- The family of a man killed while running from police files a complaint
- They say a medical examiner's findings were "seemingly illogical conclusions"
- The medical examiner ruled that the death was accidental
- Video appears to show the moment when the police car runs over the man
The family of a Florida man who was run over by a police car has filed a complaint against the medical examiner who ruled his death accidental.
Marlon Brown was killed on May 8. He had been chased by police after they allegedly saw him driving while not wearing a seat belt. Brown ultimately got out of his car and started running, and the police car's dashcam video captured the moment when Brown disappeared under the vehicle.
But the chief medical examiner for Volusia and Seminole counties, Dr. Marie Herrmann, concluded that "there was no evidence (Brown) was struck by the vehicle" and ruled the death accidental.
On Friday, Krystal Brown, the ex-wife of Marlon Brown and the mother of his children, filed a complaint with the Florida Medical Examiner's Commission.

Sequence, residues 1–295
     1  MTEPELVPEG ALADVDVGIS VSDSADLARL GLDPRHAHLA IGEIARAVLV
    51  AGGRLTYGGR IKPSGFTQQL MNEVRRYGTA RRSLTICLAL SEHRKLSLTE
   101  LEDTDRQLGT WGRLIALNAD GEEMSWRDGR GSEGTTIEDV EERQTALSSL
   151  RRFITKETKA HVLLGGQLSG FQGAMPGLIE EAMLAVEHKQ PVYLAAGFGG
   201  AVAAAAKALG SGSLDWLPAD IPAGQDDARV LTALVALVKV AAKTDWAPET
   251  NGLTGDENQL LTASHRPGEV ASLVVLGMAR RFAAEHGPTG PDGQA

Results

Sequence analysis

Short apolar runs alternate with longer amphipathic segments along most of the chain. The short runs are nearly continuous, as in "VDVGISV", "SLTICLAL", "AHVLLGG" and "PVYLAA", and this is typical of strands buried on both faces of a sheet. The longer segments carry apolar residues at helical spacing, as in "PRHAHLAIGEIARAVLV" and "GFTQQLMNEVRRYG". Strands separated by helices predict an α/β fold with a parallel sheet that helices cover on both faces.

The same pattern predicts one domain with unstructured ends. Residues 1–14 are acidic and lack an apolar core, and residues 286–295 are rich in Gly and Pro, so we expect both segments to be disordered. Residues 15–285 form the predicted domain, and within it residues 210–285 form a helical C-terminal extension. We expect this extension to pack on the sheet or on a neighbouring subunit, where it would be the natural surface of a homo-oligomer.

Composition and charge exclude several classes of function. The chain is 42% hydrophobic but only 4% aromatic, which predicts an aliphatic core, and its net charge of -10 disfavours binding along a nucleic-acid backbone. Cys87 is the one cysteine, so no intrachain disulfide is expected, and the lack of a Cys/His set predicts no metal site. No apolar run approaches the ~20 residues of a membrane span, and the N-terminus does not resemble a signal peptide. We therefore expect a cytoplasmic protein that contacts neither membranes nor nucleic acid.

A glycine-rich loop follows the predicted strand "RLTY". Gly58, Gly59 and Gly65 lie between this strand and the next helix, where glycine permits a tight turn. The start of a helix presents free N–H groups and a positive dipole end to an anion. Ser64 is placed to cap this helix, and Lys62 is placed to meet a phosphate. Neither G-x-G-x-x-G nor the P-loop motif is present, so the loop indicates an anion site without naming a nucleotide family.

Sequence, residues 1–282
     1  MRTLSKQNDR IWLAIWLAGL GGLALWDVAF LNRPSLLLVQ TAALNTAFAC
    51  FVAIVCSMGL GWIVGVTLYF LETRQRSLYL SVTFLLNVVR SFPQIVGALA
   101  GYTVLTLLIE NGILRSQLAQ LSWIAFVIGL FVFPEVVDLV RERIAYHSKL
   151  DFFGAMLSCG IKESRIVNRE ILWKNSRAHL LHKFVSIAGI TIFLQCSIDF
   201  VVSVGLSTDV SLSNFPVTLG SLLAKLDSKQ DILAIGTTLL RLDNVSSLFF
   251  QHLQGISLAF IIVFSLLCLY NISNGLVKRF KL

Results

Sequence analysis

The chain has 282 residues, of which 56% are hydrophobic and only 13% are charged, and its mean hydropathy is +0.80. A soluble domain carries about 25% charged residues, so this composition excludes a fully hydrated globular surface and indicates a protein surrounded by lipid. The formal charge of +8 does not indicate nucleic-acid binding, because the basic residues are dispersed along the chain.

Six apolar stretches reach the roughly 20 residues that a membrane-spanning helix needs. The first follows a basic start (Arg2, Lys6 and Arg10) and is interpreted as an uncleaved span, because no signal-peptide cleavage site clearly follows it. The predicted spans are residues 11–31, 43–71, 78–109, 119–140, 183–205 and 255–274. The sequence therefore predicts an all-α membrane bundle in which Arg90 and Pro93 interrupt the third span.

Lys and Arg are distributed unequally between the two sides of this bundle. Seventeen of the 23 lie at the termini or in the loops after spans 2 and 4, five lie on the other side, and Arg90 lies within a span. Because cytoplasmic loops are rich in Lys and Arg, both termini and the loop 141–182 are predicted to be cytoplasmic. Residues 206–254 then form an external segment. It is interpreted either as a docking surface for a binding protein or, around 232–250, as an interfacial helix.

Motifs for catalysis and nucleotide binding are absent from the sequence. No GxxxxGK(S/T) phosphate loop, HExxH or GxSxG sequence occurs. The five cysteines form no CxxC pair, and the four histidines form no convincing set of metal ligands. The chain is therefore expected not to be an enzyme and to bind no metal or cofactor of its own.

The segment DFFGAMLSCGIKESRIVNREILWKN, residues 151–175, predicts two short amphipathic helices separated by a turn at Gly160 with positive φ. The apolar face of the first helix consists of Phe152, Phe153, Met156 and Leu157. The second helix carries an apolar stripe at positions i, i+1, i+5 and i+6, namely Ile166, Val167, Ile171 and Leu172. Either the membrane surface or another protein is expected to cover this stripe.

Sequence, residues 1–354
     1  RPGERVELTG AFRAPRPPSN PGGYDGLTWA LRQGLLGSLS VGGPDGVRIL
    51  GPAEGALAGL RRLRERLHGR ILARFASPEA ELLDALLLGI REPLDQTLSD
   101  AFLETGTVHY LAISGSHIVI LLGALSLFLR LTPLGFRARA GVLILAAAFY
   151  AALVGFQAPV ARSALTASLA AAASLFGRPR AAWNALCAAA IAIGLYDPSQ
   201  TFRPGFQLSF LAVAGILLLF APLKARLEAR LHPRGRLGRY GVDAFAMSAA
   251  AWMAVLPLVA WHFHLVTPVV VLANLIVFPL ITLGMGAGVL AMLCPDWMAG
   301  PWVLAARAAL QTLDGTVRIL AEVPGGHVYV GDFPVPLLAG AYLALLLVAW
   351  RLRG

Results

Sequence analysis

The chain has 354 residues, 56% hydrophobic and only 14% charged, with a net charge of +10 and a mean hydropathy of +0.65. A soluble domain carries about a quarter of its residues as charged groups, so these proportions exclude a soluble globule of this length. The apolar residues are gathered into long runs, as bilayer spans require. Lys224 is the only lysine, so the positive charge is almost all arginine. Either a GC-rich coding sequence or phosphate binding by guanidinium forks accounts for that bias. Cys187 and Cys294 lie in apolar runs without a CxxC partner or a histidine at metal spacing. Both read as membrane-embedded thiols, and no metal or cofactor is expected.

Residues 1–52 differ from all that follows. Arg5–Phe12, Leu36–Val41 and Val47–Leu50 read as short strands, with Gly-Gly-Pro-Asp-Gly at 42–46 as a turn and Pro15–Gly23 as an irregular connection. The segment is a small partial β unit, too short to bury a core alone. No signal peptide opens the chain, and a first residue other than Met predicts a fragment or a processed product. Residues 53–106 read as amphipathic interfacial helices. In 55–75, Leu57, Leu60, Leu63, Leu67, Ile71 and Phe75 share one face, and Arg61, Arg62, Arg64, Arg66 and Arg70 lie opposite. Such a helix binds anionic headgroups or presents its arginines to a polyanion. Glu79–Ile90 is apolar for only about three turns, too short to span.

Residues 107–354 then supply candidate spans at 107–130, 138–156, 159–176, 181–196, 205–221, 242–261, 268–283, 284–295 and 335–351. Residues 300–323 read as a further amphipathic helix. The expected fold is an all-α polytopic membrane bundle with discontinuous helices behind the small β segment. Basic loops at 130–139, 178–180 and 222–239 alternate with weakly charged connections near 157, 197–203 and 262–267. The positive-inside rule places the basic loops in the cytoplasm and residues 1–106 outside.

Brown's autopsy was conducted by a medical examiner who works under Herrmann, but who left the agency before the autopsy conclusions were completed, the complaint says.
The autopsy report states that Brown "slipped and fell and then the police car came to a stop on top of him," the complaint says.
It calls Herrmann's findings "seemingly illogical conclusions."
The letter asks the board to investigate whether Herrmann violated any professional or ethical regulations.
The complaint alleges that the medical examiner who conducted the autopsy concluded that the cause of death was homicide, but Herrmann ordered him to leave it pending and she later wrote the conclusions herself.
A grand jury this month decided not to indict former officer James Harris on a criminal charge of vehicular manslaughter. Harris was fired after the incident.
In an attempt to pressure authorities to bring charges, the family released a copy of the dashcam video that shows Brown's death.